US 1927863 A
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Description (OCR text may contain errors)
Sept. 26, 1933. J. s. ABERCROMBIE WHIPSTOCK FOR WELLS Filed May 1'7, 1928 011M WINVENTOR.
Patented Sept. 26, 1933 UNITED STATES PATENT OFFICE 9 Claims.
My invention relates to whipstocks employed in sidetracking operations in wells.
When a drill bit has twisted off in a well or where other tools or pipe have fallen or broken 6 and become lost in the hole, it is sometimes de- 10 and thus enable the driller to go past the junk in the hole and continue the drilling of the well.
The usual whipstock is made up of a cylindrical bar of steel, the forward end of which is adapted to engage with the junk at the bottom of the well and the upper end is flattened on one side and tapered with a gradual taper to the extreme upper end. Sometimes this flattened side is also slightly concave so as to receive the drill or milling tool and deflect it laterally against the wall of the hole. The difliculty with the ordinary whipstock is that the drill may engage against the flattened edge of the deflecting face and rotate the whipstock in such manner as to destroy the effectiveness of the whipstock and a good sidetracking of the bit is impossible.
It is an object of my invention to provide a whipstock having the upper deflecting end made convex instead of flattened or concave as is the general rule.
It is desired to provide a whipstock having its upper end tapered and rounded so that the rotating bit may not engage with any edges or corners of the whipstock and cause its rotation.
Referring to the drawing, herewith, Fig. 1 illustrates a vertical section through the bottom end of a well illustrating my improved whipstock therein, the whipstock and the tools in the well being shown in elevation. Fig. 2 is a transverse section taken on the plane 22 of Fig. 1.
Fig. 3 is a similar section taken on the plane 3--3 of Fig. 1 and Fig. 4 is a transverse on the plane 4-4 of Fig. 1.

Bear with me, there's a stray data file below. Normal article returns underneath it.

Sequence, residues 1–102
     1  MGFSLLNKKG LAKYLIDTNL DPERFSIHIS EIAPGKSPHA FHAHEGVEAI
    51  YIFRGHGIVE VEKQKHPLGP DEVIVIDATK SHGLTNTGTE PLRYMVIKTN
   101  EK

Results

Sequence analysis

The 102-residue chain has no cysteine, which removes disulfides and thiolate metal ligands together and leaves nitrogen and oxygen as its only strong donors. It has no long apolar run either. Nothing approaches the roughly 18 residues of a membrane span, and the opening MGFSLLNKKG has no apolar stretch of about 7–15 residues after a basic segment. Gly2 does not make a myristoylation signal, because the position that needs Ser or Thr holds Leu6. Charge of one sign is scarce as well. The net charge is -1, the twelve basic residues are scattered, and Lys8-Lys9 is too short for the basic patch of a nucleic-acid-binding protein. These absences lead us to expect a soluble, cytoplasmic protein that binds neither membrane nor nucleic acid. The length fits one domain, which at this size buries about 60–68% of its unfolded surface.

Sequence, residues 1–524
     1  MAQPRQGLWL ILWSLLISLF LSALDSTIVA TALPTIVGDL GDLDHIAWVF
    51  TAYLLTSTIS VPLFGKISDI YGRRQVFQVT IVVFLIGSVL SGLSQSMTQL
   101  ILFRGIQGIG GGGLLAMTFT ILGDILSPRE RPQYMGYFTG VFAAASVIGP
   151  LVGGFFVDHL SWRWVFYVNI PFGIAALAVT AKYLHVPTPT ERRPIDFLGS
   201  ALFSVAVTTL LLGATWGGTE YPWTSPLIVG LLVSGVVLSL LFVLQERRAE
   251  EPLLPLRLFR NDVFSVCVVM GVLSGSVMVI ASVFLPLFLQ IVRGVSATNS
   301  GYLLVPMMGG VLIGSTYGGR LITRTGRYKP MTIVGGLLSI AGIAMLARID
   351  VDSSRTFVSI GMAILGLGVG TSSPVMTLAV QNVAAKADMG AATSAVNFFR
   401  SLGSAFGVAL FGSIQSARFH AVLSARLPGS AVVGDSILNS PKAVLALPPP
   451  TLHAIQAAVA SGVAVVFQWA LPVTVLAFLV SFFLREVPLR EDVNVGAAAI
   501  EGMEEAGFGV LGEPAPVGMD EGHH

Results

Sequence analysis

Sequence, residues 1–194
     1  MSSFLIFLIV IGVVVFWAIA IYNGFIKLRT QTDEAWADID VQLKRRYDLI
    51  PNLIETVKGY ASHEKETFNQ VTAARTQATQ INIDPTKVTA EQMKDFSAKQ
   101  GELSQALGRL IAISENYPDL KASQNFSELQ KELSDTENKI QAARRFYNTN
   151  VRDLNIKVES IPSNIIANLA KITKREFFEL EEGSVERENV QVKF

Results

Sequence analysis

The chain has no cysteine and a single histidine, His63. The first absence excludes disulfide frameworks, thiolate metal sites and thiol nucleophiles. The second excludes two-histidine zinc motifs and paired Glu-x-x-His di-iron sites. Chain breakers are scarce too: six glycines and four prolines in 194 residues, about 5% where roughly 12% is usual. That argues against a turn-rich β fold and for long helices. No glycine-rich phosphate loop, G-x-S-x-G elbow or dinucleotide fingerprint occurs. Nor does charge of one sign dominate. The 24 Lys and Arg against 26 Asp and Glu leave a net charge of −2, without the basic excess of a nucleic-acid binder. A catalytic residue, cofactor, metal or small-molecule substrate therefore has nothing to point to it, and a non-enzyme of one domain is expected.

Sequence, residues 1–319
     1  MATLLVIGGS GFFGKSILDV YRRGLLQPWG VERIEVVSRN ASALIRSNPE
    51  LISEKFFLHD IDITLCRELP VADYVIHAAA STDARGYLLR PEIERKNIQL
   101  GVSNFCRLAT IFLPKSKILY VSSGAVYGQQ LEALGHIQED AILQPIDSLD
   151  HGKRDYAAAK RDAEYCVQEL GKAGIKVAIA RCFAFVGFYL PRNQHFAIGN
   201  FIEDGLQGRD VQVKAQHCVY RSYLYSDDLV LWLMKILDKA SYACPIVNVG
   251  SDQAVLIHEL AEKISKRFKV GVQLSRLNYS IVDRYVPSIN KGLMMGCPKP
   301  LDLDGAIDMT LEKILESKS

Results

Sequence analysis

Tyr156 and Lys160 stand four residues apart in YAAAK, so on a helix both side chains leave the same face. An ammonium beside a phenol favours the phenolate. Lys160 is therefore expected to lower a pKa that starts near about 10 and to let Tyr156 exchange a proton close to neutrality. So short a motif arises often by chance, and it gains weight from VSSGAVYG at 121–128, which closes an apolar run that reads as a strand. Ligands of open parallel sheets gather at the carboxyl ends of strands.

In the drawing I have illustrated the lower end of a well 1 having therein a broken lower end of a drill bit 2 and it is to be understood that the drill stem has been broken off leaving the drill and a piece of the drill stem lodged in the bottom of the hole where it cannot be removed. In such case the whipstock indicated at 3 is in serted into the bottom of the hole and anchored between the junk and the wall of the well so that 55 it will not readily rotate.
My whipstock is preferably made out of a section of heavy drill pipe. Such a section is slotted at the lower end and the sides bent to a point as shown at 4 and welded together to make a polygonal sharpened end, which may most' advantageously engage the tools and "the wall of the well and resist rotation.
Openings 5 are preferably formed at the forward end to allow the circulation of liquid when desired.
The upper end is made tapered by cutting a sector of the pipe out of the upper end, said out out portion being wider at the upper end and tapered downwardly so that when it is removed and the edges of the opening fitted together and welded, the welded side will taper upwardly to an apex at the upper end. The shape of the tool when thus constructed can be seen from Figs.